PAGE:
• Duflo E (2003) Grandmothers and granddaughters: old-age pensions and intrahousehold allocation in South Africa. World Bank Econ Rev 17(1):1–25

    Article  Google Scholar 

  • Durand J, Lozano V, Romo R (2005) MMP/LAMP interviewer’s manual.

  • Ginther DK, Pollak RA (2004) Family structure and children’s educational outcomes: blended families, stylized facts, and descriptive regressions. Demography 41(4):671–696

    Article  Google Scholar 

  • Giorguli Saucedo SE (2006) School dropout rates, adolescent labor and family structures in Mexico. In: Lezama JL, Morelos JB (eds) Population, city and environment in contemporary Mexico. El Colegio de México, México, DF, pp 223–257

    Google Scholar 

  • Grogger J, Ronan N (1995) The intergenerational effects of fatherlessness on educational attainment and entry-level wages. National Longitudinal Surveys Discussion Paper, Bureau of Labor Statistics

  • Hanson GH, Woodruff C (2003) Emigration and educational attainment in Mexico. University of California, San Diego

    Google Scholar 

  • Lang K, Zagorsky JL (2001) Does growing up with a parent absent really hurt? J Hum Resour 36(2):253–273

    Article  Google Scholar 

  • Kling JR, Ludwig J, Katz LF (2005) Neighborhood effects on crime for female and male youth: evidence from a randomized housing voucher experiment. Q J Econ 120(1):87–130

    Google Scholar 

  • Kling JR, Liebman JB, Katz LF (2007) Experimental analysis of neighborhood effects. Econometrica 75(1):83–119

    Article  Google Scholar 

  • Kroeger A, Anderson K (2011) Remittances and children’s capabilities: new evidence from Kyrgyzstan. DIW Working Paper No. 1170

  • Massey DS, Zenteno R (2000) A validation of the ethnosurvey: the case of Mexico–U.S. migration. Int Migr Rev 34(3):766–793

    Article  Google Scholar 

  • McKenzie D, Rapoport H (2011) Can migration reduce educational attainment? Evidence from Mexico. J Popul Econ 24(4):1331–1358

    Article  Google Scholar 

  • Meyerhoefer CD, Chen CJ (2011) The effect of parental labor migration on children’s educational progress in rural China. Rev Econ Househ 9(3):379–396

    Article  Google Scholar 

  • Nobles J (2006) The contribution of migration to children’s family contexts. California Center for Population Research Working Paper No. CCPR-046-06

  • Nobles J (2007) Parental migration and child health in Mexico. Paper presented at the 2007 Population Association of America Annual Meeting, New York, NY, USA, 29–31 March 2007

  • Organization for Economic Cooperation and Economic Development (2010) CO3.1: educational attainment by gender and average years spent in formal education.

  • Pitt MM, Rosenzweig MR, Hassan N (2010) Human capital investment and the gender division of labor in a Brawn-based economy. Yale University Economic Growth Center Discussion Paper No. 989

  • Reyes BI (1997) Dynamics of immigration: return to Western Mexico. Public Policy Institute of California, San Francisco, CA, USA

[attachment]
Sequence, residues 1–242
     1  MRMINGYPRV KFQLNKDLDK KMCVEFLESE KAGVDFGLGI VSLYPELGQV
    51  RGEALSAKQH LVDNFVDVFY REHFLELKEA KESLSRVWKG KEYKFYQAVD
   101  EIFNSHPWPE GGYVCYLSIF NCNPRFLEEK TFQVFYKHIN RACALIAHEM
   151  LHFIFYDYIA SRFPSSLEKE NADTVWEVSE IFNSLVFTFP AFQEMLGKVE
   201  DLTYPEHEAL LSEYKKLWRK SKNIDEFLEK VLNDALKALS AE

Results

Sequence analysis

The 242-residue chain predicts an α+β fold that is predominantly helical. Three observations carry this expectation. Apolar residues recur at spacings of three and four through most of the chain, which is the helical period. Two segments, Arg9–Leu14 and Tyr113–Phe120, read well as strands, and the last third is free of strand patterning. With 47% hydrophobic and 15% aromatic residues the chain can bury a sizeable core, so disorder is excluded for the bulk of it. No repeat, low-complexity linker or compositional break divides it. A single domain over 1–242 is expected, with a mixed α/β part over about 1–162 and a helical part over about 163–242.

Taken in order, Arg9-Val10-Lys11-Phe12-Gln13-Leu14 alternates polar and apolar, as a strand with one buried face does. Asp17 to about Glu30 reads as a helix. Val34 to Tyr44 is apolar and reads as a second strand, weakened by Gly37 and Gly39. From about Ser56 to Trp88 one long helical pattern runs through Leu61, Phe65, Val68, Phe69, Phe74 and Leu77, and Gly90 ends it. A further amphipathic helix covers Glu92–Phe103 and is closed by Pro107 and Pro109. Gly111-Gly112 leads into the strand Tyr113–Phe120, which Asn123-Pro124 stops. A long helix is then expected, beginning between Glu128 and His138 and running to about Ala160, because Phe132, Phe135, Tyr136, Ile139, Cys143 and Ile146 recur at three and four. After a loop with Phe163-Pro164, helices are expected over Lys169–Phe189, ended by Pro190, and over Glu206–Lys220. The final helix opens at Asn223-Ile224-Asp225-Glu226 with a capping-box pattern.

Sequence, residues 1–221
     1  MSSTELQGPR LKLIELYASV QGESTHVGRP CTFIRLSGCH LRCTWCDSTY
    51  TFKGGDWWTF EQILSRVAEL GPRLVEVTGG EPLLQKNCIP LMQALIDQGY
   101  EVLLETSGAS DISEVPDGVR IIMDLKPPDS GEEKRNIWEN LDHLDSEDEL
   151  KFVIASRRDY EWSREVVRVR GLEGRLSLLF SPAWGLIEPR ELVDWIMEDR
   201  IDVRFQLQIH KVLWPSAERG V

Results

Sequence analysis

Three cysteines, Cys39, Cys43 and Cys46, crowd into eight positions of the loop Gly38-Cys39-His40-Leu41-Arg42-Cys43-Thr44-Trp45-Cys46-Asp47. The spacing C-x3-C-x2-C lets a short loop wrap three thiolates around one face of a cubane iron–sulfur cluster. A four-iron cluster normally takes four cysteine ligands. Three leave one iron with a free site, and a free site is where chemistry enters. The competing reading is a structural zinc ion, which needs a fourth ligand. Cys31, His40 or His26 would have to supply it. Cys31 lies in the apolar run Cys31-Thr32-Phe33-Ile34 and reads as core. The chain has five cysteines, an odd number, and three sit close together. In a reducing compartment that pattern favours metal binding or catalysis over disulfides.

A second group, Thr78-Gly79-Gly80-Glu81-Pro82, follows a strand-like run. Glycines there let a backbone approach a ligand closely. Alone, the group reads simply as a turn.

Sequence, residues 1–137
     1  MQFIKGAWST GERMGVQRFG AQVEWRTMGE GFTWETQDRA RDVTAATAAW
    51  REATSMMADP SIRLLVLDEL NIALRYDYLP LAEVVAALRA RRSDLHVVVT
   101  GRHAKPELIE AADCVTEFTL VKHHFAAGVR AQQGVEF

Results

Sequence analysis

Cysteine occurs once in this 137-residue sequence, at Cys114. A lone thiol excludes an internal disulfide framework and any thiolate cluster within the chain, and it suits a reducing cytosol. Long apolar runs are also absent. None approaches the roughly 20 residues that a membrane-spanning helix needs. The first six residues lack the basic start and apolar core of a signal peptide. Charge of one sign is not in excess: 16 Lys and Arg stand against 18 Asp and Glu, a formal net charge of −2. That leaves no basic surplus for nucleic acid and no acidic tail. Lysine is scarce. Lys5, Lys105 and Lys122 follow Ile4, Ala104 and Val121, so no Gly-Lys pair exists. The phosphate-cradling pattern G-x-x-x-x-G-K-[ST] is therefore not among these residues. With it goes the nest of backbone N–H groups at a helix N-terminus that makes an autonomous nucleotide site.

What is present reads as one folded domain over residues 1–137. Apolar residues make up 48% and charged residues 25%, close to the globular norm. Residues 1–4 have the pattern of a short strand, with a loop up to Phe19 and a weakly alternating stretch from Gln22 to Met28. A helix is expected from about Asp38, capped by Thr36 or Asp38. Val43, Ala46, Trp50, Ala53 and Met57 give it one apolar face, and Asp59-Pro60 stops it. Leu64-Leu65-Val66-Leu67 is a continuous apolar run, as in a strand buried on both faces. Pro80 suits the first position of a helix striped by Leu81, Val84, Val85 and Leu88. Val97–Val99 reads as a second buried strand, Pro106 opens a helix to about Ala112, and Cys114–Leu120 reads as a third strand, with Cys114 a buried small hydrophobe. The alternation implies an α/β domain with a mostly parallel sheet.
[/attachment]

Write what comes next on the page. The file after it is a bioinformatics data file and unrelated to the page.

Google Scholar 

  • Sandefur GD, Wells T (1997) Using siblings to investigate the effects of family structure on educational attainment. Institute for Research on Poverty Discussion Paper No. 1144-97

  • Santrock JW (1972) Relation of type and onset of father absence to cognitive development. Child Dev 43(2):455–469

    Article  Google Scholar 

  • Thomas D (1994) Like father, like son; like mother, like daughter: parental resources and child height. J Hum Resour 29(4):950–988

    Article  Google Scholar 

  • U.S. Department of Education (2002) Education around the world: Mexico.

  • Yang D (2008) International migration, remittances and household investment: evidence from Philippine migrants’ exchange rate shocks. Econ J 118(528):591–630

    Article  Google Scholar 

Download references


I would like to thank Doug Bernheim, Luigi Pistaferri, Aprajit Mahajan, Terra McKinnish, Julie Berry Cullen, Silvia Giorguli Saucedo, Marie Mora, three anonymous referees, and the editor, Klaus F. Zimmermann, for helpful comments. Additionally, participants at the 2008 PAA meeting, seminar participants at Colorado State University, and participants of the public economics group, as well as the labor and development reading groups at Stanford University provided useful feedback. An earlier version of this paper was entitled “Parental Migration and Child Education: Evidence from Variation in Child Age During Parental Absence.” My thanks go to an anonymous referee for inspiring a reframing of this paper. Any errors are my own. This research was supported by the Leonard W. Ely and Shirley R. Ely Graduate Student Fund through a grant to the Stanford Institute for Economic Policy Research.

Author information

Authors and Affiliations


Corresponding author

Correspondence to Francisca M. Antman.

Additional information

Responsible editor: Klaus F. Zimmermann

Rights and permissions

Reprints and Permissions

About this article

Cite this article

Antman, F.M. Gender, educational attainment, and the impact of parental migration on children left behind. J Popul Econ 25, 1187–1214 (2012).

Download citation

  • Received:

  • Accepted:

  • Published:

  • Issue Date:

  • DOI:


  • Migration
  • Father absence
  • Education
  • Gender

JEL Classification

  • O15
  • J12
  • J13
  • J16
  • J24
  • F22